June 9, 2022

Binding financial agreements: the importance of independent legal advice

Publications | Resources

By Christopher Ragozzino, Associate & Rocky Zhou, Lawyer

Three judges of the appellate division of the Federal Circuit and Family Court of Australia recently found against a husband who tried to get out of a financial agreement by saying he did not receive the required independent legal advice.

The background

The parties married in September 1989 and separated in February 2013. A divorce order was then made on 7 May 2014.

On 22 January 2014 the parties entered into a financial agreement pursuant to Section 90C of the Family Law Act 1975 (Cth) (“the Act“) to divide their property and superannuation assets. The agreement also provides for ongoing spousal maintenance for the wife by the husband. The husband was to pay the wife maintenance in the amount of $130,000 per annum, in monthly instalments, as well as the premiums for her life insurance policy until the husband turned 64, or his income fell below $260,000 in a financial year. Importantly, pursuant to Section 90G of the Act, the husband and wife both signed an acknowledgement in the agreement that before they signed the agreement they each received independent legal advice from a legal practitioner.

The husband eventually ceased making the spousal maintenance payments. On 3 July 2017, the wife filed an enforcement application to enforce the terms of the agreement.

The decision in the lower court

At first instance, in determining whether independent legal advice has been given, the primary judge considered evidence given by both the husband and his former solicitor. The husband’s former solicitor gave evidence that contradicted that of the husband, however the court found that the evidence from the husband’s former solicitor was more credible than that of the husband. As a result, the primary judge made the finding against the husband that the agreement was binding and that the solicitor provided the husband with the required advice.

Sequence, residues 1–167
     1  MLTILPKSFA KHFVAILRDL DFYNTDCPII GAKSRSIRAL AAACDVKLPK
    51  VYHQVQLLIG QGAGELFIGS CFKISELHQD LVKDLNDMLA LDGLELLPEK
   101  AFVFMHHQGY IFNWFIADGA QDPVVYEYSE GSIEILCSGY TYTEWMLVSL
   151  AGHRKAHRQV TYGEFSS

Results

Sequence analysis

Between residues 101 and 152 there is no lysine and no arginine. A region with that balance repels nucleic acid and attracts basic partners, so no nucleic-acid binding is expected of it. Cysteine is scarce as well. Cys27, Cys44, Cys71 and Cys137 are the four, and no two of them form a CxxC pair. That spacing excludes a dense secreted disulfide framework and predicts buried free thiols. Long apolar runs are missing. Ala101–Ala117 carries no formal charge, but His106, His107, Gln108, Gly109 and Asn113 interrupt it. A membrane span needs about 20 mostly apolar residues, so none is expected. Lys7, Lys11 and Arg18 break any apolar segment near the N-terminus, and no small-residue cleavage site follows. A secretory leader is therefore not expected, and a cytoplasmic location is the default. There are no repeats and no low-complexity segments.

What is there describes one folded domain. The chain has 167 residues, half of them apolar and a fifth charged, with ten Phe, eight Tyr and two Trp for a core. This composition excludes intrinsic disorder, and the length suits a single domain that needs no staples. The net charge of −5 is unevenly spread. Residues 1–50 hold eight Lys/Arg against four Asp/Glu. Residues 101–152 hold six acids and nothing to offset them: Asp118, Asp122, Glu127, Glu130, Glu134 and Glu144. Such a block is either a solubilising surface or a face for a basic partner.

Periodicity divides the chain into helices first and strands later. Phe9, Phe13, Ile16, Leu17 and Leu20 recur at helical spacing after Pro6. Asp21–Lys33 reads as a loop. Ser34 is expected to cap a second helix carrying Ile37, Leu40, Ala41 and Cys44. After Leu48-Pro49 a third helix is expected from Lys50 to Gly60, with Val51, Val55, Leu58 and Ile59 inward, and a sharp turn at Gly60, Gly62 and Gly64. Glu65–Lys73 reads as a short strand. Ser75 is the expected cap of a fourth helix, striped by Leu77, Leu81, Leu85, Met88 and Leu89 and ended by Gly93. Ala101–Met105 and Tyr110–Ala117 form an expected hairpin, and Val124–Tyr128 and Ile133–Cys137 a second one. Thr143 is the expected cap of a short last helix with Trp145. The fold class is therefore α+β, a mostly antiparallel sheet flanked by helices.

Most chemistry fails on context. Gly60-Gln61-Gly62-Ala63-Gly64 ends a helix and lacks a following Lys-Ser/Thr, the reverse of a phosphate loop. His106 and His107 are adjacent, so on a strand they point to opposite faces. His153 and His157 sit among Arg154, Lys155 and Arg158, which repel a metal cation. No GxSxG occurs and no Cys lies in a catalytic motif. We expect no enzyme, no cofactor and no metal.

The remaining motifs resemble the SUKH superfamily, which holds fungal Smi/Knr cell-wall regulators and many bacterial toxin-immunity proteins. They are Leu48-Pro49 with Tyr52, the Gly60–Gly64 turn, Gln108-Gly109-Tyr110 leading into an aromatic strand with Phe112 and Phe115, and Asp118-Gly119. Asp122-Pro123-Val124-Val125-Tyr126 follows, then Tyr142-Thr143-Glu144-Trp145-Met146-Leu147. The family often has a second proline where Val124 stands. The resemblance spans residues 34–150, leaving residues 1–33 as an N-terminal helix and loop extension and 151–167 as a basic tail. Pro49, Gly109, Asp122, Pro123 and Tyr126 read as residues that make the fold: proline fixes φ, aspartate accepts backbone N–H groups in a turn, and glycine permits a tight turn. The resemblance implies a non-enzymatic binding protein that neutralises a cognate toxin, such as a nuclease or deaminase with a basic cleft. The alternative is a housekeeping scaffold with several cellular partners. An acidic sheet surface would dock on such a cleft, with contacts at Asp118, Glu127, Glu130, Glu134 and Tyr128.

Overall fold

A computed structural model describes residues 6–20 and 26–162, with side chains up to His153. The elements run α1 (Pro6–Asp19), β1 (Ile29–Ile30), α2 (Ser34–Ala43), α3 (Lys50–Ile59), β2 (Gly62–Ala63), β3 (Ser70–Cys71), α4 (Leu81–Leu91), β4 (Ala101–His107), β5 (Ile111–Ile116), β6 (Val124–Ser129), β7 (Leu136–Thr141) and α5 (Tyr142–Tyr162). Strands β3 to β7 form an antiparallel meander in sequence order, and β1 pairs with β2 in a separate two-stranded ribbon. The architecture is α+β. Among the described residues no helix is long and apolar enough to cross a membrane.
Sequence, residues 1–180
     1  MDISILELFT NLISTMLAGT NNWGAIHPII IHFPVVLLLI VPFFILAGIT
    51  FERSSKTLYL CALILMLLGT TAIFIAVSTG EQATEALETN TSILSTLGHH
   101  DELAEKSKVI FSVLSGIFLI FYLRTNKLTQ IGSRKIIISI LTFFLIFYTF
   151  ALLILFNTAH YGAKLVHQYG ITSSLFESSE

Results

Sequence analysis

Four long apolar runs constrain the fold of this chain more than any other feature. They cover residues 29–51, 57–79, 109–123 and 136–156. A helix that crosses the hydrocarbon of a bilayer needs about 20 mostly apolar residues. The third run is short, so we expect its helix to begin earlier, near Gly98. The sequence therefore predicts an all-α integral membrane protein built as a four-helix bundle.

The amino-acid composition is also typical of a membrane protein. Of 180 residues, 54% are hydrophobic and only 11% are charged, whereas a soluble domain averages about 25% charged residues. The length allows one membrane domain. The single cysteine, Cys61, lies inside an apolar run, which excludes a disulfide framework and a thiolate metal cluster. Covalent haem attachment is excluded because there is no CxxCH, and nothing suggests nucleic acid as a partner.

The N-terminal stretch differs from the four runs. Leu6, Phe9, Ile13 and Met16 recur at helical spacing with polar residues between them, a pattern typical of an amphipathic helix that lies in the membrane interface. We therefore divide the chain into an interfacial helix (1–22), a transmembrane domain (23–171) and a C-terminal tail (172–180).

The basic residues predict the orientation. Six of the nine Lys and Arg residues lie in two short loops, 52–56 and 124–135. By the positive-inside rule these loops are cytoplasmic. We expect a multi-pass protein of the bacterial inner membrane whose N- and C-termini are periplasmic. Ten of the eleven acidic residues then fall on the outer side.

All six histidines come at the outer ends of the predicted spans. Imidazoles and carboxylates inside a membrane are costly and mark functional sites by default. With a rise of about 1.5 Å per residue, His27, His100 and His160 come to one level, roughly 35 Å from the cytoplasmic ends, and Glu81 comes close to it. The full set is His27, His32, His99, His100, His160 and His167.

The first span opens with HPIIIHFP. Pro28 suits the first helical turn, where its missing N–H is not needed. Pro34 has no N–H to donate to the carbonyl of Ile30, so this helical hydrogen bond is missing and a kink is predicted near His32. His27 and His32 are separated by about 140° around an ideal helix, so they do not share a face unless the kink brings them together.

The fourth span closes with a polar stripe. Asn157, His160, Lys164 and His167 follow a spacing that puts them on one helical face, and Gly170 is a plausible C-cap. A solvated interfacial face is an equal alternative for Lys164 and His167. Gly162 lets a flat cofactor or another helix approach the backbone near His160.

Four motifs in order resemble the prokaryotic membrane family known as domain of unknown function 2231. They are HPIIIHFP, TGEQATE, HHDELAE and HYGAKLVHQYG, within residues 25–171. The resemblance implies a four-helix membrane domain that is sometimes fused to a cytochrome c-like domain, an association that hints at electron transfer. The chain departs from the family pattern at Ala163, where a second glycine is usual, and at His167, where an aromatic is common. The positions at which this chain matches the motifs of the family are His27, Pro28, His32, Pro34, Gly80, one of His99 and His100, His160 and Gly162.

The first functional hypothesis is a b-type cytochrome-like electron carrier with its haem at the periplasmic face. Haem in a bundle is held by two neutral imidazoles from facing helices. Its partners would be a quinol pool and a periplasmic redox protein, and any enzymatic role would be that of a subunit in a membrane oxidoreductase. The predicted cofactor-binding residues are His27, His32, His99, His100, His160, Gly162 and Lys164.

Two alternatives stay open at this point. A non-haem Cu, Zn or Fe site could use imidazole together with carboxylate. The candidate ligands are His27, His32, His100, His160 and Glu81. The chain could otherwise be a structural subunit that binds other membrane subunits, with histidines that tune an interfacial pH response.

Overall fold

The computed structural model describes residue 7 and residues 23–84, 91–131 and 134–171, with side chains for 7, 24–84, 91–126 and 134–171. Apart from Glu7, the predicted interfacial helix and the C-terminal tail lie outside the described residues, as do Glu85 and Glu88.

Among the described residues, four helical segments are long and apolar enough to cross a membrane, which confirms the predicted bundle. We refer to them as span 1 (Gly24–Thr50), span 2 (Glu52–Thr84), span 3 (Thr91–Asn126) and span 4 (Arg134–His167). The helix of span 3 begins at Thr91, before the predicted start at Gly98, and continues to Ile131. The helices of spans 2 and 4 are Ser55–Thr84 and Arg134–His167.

The primary judge proceeded to hear the wife’s application for enforcement of the agreement.

The appeal court’s decision

On appeal, the court agreed with the decision of the lower court.

The court recited the relevant law confirming the burden, or onus, was on the husband to prove that he did not receive the legal advice. When considering the evidence of the husband and his former solicitor, the appeal court accepted the findings of the primary judge, that the solicitor had given the husband the required advice. Importantly, the primary judge was not required to ascertain the content of the legal advice provided. The primary judge only needed to be satisfied that the advice required by the Act, or section 90G, was provided.

Costs were awarded to the wife against the husband.

Take-away points
  • It is crucial to seek specialist advice from a family lawyer to explain the impact of the agreement on your rights and obligations. The court will not set aside a financial agreement merely because it is a “bad deal” for one party.
  • Any legal advice given by a solicitor to a client should be properly documented in writing. In Johanson, had written advice been provided, the proceedings could have been avoided as the husband may have better understood the advice from his solicitor.
  • It is prudent to always keep a record of all amended versions of the draft financial agreement in case disputes arise in future.

Signing a financial agreement is a serious endeavour. Once signed, and the requirements of the Act are followed, and in this case, once each party is provided with the requisite legal advice, it is highly likely that the court will uphold and enforce the terms of the agreement. Before signing an agreement, it is important that you receive specialist legal advice from a family lawyer to explain the impact of the agreement on your rights, and the obligations it imposes.

It appears in this case that the solicitor gave the husband verbal advice. If written advice was provided, this proceeding could have been avoided as the husband may have more clearly understood what his solicitor had advised him.